Innovators aren’t simply born, they can be made

Lyons has done fieldwork all over the world, but one of her most intriguing experiments took place right here, at UC San Diego. She collaborated with Graff Zivin on a study which challenged existing theories that largely assume innovation is an ingrained quality of the individual. Their field study with undergraduates showed that students who were incentivized to innovate were just as talented as self-motivated ones.

The study was conducted through a mobile application contest created by Lyons and Graff Zivin. The contest was advertised through various mediums on campus and initially attracted around 100 students. In order to differentiate between self-selected innovators and “induced” innovators, a random subset of eligible students who did not sign up by the contest deadline were offered a monetary incentive of $100 to participate. In total, 190 UC San Diego students signed up.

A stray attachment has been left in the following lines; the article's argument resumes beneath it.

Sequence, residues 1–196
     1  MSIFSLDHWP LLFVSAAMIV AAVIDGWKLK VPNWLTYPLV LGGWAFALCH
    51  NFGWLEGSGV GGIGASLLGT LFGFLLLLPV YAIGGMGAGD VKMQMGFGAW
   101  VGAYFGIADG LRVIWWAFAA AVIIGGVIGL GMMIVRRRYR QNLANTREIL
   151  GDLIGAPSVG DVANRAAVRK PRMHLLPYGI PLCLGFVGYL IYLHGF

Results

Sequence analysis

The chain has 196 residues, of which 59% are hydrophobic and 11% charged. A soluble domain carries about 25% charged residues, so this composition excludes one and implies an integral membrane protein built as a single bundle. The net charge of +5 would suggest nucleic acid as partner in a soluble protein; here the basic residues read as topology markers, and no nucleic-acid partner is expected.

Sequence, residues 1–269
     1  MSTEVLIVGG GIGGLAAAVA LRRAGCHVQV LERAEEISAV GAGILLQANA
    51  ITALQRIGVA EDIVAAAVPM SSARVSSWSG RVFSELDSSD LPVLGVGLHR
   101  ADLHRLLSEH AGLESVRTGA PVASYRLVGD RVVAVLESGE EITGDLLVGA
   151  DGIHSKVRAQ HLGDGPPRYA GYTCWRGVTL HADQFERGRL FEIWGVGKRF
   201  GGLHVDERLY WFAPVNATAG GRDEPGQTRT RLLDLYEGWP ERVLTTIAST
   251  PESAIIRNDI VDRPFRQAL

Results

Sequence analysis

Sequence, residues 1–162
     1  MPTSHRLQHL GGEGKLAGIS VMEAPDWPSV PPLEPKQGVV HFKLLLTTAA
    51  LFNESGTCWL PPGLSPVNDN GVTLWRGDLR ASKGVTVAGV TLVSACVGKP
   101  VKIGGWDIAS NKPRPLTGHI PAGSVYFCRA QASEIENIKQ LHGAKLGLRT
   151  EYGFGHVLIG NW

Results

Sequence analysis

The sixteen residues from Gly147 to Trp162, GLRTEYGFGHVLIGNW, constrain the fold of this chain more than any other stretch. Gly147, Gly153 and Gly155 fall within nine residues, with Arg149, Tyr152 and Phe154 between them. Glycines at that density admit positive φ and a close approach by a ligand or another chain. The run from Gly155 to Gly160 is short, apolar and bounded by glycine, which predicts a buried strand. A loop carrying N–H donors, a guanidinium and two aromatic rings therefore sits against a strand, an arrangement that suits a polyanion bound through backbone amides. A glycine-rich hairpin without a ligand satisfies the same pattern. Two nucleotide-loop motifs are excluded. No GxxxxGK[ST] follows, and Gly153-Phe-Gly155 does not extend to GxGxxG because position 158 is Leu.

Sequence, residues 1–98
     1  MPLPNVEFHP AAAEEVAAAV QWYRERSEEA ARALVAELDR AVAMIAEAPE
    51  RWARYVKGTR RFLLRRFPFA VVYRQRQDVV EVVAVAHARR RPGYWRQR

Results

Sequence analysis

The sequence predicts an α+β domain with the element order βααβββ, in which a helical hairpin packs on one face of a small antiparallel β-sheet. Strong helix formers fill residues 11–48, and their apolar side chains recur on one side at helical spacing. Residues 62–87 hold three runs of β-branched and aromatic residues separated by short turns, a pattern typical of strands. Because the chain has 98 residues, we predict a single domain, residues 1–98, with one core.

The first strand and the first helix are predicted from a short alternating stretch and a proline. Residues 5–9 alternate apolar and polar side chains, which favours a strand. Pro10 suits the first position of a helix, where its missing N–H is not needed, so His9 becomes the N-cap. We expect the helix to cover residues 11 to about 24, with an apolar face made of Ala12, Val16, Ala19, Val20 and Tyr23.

Submissions between the two groups were evaluated by technology industry participants who acted as judges for the contest and who had no knowledge of which group the proposals came from. Though induced participants were less likely to be drawn from majors that provide the most relevant skills for the competition, such as electrical engineering and computer science, and had lower cumulative GPAs, the likelihood they completed and submitted a project for the contest was statistically indistinguishable from those that were innately drawn to the competition.

Whether innovators can be created, and how they fare relative to those who self-select into innovative activities, also has important implications for public and private policy.